These days, long-haul business class is a synonym for luxury, comfort, and exceptional service. But it wasn’t all that long ago when it was first invented, though there is some debate about exactly which airline coined it. Nevertheless, business class has evolved to meet the needs of the long-haul traveler. We take a look at where it all started…
Airlines vie for long-haul business class creation rights
The idea of creating a dedicated business class offering came around at the end of the 1970s. Pan Am is widely recognized as the creator; however, Qantas claims that it is actually the unsung hero. In 1979, the Australian airline says it became the first carrier in the world to offer business class.
But then British Airways also contests these claims. In 1977, it created what is now known at Club World when it introduced the “Executive Club” on Boeing 747 flights to New York.
Whoever was the initial creator, it didn’t take long for other airlines to catch on and offer the same. In fact, business class at the time was less of a brainwave and more of a settlement. Airlines were looking to keep customer satisfaction high, where it had fallen after fare disparities.
What problem did business class solve?
For travelers looking for that little je ne sais quoi, first class was the only offering that had an experience that was set apart. Yet first class fares were quite a steep jump from the regular economy seat prices. Understandably, customers didn’t want to pay. However, there was also more of a need for it after deregulation.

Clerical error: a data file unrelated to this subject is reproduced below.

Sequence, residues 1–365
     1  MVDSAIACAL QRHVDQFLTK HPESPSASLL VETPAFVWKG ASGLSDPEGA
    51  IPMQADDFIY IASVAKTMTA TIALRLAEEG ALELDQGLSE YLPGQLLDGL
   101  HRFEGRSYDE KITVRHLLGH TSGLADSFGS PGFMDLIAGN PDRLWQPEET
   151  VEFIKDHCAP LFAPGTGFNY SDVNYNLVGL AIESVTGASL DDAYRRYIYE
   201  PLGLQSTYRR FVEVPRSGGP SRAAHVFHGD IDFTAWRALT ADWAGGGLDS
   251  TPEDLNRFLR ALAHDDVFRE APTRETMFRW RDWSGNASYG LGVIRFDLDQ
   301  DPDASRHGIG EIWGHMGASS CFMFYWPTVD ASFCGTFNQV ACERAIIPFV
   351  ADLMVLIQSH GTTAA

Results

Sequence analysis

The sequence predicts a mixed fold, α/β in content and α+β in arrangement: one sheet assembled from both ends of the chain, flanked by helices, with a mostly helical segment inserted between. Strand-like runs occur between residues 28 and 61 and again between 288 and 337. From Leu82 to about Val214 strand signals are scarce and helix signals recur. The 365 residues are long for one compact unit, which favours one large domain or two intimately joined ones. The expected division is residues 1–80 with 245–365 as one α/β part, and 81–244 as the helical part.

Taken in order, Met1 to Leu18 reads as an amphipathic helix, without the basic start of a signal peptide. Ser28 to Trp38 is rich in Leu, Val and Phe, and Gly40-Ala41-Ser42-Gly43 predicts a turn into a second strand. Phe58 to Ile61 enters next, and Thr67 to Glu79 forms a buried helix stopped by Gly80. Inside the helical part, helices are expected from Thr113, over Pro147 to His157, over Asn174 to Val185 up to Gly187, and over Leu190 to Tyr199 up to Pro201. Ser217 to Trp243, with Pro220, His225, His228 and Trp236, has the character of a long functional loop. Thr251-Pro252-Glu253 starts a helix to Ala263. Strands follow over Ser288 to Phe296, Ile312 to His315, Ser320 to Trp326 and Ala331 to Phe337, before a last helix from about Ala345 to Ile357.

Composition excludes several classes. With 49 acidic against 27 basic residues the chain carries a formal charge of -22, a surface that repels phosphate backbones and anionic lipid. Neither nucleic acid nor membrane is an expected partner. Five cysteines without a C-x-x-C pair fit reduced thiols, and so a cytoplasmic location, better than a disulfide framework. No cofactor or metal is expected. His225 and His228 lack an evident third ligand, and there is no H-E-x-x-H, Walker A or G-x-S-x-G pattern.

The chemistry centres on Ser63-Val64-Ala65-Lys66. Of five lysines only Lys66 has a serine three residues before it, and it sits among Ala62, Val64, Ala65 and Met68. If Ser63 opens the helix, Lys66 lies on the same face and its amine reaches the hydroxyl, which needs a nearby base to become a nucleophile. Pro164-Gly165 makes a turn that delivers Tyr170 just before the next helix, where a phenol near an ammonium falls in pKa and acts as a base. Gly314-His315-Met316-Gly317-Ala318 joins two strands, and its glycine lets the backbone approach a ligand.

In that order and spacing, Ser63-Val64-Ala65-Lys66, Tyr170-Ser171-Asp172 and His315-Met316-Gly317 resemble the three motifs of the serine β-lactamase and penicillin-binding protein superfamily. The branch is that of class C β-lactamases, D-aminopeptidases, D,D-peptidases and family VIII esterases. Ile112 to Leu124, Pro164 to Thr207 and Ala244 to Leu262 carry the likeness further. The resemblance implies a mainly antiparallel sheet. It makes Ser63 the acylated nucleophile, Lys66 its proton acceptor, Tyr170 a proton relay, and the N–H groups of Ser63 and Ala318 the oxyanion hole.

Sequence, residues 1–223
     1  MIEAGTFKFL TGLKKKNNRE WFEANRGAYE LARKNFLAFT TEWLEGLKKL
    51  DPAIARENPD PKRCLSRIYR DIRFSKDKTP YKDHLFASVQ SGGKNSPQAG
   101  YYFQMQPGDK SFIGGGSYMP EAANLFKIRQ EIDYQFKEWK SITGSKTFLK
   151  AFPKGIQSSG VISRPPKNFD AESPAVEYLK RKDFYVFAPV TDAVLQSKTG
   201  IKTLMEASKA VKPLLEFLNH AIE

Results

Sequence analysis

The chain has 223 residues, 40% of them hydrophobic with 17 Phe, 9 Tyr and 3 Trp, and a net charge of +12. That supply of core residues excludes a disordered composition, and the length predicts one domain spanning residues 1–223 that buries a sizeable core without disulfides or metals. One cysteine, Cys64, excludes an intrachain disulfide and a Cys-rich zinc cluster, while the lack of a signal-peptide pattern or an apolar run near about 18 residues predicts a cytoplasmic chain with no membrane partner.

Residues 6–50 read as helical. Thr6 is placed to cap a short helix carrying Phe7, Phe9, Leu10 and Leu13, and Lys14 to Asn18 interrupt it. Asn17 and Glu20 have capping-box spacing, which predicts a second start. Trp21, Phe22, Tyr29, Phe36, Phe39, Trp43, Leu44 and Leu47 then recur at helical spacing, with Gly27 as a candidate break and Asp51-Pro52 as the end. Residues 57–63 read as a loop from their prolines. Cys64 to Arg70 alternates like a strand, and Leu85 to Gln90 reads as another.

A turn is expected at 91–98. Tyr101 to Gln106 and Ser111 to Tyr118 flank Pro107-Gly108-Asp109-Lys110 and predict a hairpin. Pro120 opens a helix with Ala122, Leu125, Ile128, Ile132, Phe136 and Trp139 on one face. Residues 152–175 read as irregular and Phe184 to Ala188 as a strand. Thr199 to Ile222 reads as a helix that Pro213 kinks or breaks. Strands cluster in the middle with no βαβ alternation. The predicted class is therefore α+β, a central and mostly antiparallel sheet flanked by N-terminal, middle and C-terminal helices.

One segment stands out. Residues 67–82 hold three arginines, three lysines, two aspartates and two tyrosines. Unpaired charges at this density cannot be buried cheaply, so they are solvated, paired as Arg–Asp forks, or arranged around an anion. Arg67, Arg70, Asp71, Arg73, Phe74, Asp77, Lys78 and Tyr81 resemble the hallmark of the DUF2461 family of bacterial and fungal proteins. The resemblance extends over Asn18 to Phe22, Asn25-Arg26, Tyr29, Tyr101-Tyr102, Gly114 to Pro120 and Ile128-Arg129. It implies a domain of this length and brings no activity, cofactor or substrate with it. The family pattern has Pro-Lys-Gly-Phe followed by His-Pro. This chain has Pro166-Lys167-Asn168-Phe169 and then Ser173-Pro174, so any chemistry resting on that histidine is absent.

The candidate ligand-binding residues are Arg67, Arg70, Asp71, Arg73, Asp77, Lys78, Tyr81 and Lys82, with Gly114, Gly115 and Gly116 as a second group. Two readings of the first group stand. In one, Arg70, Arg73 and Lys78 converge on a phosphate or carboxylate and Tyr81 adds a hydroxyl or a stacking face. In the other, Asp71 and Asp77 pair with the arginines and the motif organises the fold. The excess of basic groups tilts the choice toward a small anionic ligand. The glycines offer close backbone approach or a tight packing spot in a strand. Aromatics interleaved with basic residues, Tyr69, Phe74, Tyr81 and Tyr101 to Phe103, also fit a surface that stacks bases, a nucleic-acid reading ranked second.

Airlines were offering full fares as well as tickets at a discount. The full-fare travelers were sat at the front of the cabin, which instilled a sense of segregation. All that was now needed was to offer a little something extra for those that were willing to pay and make the split official.
Business class, though basic at first, worked riotously well. The reason being that it appeased both the customer and the airline. Carriers could offer these tickets at a higher price and still profited despite the added extras of this seating class. Passengers enjoyed the relative luxury.
Humble beginnings to a tailored experience
From those humble beginnings, business class has come a long way. Airlines, like United, have kitted out their business class with the latest and most innovative technological offerings in the Polaris suite.
Yet business class began not too different from some of the premium economy offerings we see today: more spacious and comfier seats. ‘Cradle Seats’, armchairs that reclined and allowed the user to elevate their feet, came into play in the 1990s. While they were, at the time, the latest in modernity and comfort, there was one more progression that would totally transform business class and make flying long-haul a more pleasant experience.
British Airways became the first airline in the world to offer fully lie-flat beds at the turn of the century. It’s an idea that quickly became fashionable as it allowed passengers the chance to catch up on sleep with unparalleled amounts of space. Any later developments came in the form of privacy, usually in the form of sliding doors.
Long-haul business is now more comfortable than ever thanks to these ergonomic developments.